Dinner is served on the chess board
where imperialist games we play
On shattered minds and scattered limbs
we feast, and throw the bones away
A red tablecloth props up our meal
of mustard and mud-caked weapons
But no matter how bitter our main course
we are eager to ask for seconds


War Poetry
By Jesse Pipe

I am in my 30’s and
the most abstract thought now is an attempt to comprehend
how your exposure as human explains my humanity, 
how your young blood begat mine,
how your lack of a choice ensured mine, and
how your lack of recourse saved my right 
to make poor decisions and walk away,
laughing.
I can cuss, I can deride, I can steal flowers
from a lonely cenotaph without a second thought -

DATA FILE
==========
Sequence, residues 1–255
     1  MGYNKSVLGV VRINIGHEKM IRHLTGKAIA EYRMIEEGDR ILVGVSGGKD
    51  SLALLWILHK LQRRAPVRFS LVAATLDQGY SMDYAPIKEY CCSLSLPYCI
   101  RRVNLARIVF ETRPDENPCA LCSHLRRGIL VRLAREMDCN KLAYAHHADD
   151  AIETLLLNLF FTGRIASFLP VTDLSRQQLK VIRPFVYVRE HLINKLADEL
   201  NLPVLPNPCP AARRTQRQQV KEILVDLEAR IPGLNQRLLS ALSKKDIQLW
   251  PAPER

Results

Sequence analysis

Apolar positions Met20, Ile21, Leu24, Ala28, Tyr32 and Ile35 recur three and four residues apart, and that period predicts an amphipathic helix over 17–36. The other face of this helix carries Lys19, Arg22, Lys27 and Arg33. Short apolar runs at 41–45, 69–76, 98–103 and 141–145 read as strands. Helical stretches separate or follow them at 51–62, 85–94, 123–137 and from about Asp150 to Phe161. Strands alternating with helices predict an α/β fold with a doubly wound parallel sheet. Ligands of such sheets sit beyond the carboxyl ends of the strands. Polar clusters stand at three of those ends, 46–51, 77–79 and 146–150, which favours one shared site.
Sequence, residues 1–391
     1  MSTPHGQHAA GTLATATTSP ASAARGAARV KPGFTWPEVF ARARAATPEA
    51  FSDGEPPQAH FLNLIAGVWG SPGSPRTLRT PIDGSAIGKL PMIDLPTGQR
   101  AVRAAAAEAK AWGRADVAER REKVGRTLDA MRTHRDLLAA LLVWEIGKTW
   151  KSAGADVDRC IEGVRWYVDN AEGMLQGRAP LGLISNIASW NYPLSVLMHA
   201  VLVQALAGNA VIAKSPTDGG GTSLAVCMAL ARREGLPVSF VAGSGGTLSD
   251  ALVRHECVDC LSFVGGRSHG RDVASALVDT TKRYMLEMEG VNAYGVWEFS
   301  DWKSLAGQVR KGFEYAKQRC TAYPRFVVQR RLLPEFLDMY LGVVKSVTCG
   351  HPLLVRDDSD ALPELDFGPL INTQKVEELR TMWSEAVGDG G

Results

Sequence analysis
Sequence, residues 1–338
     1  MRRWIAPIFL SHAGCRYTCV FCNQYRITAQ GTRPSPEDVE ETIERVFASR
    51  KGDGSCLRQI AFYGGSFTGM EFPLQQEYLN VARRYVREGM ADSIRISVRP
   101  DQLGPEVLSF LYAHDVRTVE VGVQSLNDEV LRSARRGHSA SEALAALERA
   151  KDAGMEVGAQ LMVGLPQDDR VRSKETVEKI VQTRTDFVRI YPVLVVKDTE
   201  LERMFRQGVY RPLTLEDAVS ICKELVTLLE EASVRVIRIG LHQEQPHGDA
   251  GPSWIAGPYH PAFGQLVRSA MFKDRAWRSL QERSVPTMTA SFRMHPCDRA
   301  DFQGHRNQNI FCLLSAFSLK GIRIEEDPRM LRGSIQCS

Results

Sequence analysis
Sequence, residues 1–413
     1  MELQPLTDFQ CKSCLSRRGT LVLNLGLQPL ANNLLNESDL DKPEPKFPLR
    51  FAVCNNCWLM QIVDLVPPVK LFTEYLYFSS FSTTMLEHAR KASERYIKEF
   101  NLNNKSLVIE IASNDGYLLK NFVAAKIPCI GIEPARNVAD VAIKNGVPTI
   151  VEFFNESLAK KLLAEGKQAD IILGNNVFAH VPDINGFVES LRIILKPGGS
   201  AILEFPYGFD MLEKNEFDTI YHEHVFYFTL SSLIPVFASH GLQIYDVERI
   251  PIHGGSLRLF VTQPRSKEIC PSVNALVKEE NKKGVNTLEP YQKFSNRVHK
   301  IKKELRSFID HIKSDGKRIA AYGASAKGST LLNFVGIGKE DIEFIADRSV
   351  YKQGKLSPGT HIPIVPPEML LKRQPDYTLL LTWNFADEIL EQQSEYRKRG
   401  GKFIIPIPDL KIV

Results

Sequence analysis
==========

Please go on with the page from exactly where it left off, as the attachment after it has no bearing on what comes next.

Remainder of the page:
you can’t do a thing about it.

Is this what you gave it up for?
Is this what you gave everything up for?
Did you welcome these visions of blood out of man,
waking horror and sleep irretrievable for the 
stolid indifference of me and mine?
I feel no shame,
and empathy’s a closed valve for someone
who has never seen their brothers drowning in gas,
their hearts rending under starved flesh, 
hemorrhaging. 
Is this what you inherited madness for?
I don’t think I understand.

I am in my 30’s and I can’t read 
Owen, Rosenberg, Sassoon, or the rest
without anxious tears that fall somewhere 
between dodged bullets and feet yet to drop.
This is all the legacy I take
from you.


















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Video: Training mental health workers to help people find jobs




Finding meaningful work can change the lives of people with serious mental illness or a substance use problem.